With no meetings scheduled for today, the president returns to a hallmark of his leadership style: letting lawmakers fight it out
"I always have hope," President Obama said today at his press conference on the debt ceiling. "Don't you remember my campaign?"
Obama was asked why he believes talks at the White House will result in a comprehensive deal that both averts a national debt default and improves the country's long-term deficit picture -- talks that have yet to produce any results.
The president's new strategy is to let congressional leaders work out a deal on their own, after presenting them with a window of what's acceptable to him.
"You need, over the next 24 to 36 hours, you need to give me some sense of what your plan is to get the debt ceiling raised," Obama said he has told leaders of both parties in Congress. "If they show my a serious plan, I'm ready to move, even if it requires some tough decision on my part."
About 45 minutes earlier, House Minority Leader Nancy Pelosi (D-Calif.) warned at a live press conference that "we are not going to reduce the deficit and give tax cuts to the wealthy on the backs of our Medicare and Social Security recipients." As he has before, Obama signaled willingness to reduce spending on those programs.
House Republicans, meanwhile, have refused to raise any taxes as part of a deal. Minutes before Pelosi's press conference, House Speaker John Boehner pressed for more spending cuts, "like spending caps, and like a balanced budget amendment" during his own live appearance.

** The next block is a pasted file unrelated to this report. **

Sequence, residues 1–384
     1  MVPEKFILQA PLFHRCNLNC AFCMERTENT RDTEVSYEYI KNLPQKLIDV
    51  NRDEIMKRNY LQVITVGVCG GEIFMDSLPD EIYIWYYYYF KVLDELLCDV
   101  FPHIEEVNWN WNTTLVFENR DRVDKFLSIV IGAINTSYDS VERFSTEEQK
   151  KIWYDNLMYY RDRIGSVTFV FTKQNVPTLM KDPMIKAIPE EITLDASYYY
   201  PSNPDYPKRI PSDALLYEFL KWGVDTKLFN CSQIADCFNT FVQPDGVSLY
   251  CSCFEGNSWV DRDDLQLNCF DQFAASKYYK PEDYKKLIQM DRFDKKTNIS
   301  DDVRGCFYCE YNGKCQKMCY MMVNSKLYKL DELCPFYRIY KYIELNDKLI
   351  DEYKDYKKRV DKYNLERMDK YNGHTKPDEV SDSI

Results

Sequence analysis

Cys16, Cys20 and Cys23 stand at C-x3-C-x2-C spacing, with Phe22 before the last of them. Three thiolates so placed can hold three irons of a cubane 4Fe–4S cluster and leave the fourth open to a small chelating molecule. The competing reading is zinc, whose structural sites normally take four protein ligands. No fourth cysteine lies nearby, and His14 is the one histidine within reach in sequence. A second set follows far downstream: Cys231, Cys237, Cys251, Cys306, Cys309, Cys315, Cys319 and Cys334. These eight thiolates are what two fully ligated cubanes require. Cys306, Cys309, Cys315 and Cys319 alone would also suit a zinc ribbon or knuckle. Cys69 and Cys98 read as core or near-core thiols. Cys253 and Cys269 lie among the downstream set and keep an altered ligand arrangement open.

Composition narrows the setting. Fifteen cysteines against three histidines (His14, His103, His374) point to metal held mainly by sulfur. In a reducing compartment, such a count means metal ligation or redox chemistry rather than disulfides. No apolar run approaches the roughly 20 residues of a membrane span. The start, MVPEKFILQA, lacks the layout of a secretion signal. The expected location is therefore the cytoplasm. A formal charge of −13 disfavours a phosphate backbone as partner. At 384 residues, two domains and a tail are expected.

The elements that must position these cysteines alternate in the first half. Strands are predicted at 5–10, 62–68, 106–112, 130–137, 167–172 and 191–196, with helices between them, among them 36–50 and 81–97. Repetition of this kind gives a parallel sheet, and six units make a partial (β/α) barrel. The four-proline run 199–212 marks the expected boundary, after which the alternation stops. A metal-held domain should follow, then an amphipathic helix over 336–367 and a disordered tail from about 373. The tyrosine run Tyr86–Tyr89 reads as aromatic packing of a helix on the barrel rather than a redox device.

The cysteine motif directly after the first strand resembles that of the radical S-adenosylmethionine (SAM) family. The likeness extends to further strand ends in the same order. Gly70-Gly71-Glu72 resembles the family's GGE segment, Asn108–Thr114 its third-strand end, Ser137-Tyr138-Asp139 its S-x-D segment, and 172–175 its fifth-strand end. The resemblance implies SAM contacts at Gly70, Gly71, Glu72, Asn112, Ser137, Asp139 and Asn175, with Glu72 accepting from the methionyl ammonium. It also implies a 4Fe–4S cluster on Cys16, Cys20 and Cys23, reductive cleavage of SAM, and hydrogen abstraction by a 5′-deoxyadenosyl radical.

Obama is trying to split the difference, and his pitch to the American people continues to be: We ought to do both. Spending reductions and revenue increases should both be part of the deal.
"I have already said I am willing to take down domestic spending to the lowest percent of our overall economy since Dwight Eisenhower. ... It would require us taking on health care spending, and that includes looking at Medicare and finding ways we can stabilize the system so that is available not just for this generation but for future generations," Obama said.
"And it would require revenues ... student loans, senior citizens, veterans who are trying to get by on a disability check, even as we're trying to make sure that all those programs are affordable, we're also saying to folks like myself that can afford it, that we are willing to do a little bit more -- that millionaires and billionaires can afford to do a little bit more, that we can close corporate loopholes so companies aren't getting unnecessary tax breaks, so that corporate jet owners aren't getting unnecessary tax breaks," the president said.
Obama called Senate Minority Leader Mitch McConnell's suggestion, to raise the debt ceiling without spending cuts, the "least attractive option," saying, as Moody's did this week, that the America's fiscal problem is twofold.
This strategy of Obama's -- guiding talks, then letting congressional leaders work out a plan on their own -- is a hallmark of his leadership style. It's been called "leading from behind." We've seen him do it on multiple policy fronts, including health care, the biggest initiative of his presidency.
The parties in Congress seem very far apart. Over the next several days, we'll find out if a deal can happen without Obama in the room.
Image credit: Larry Downing/Reuters
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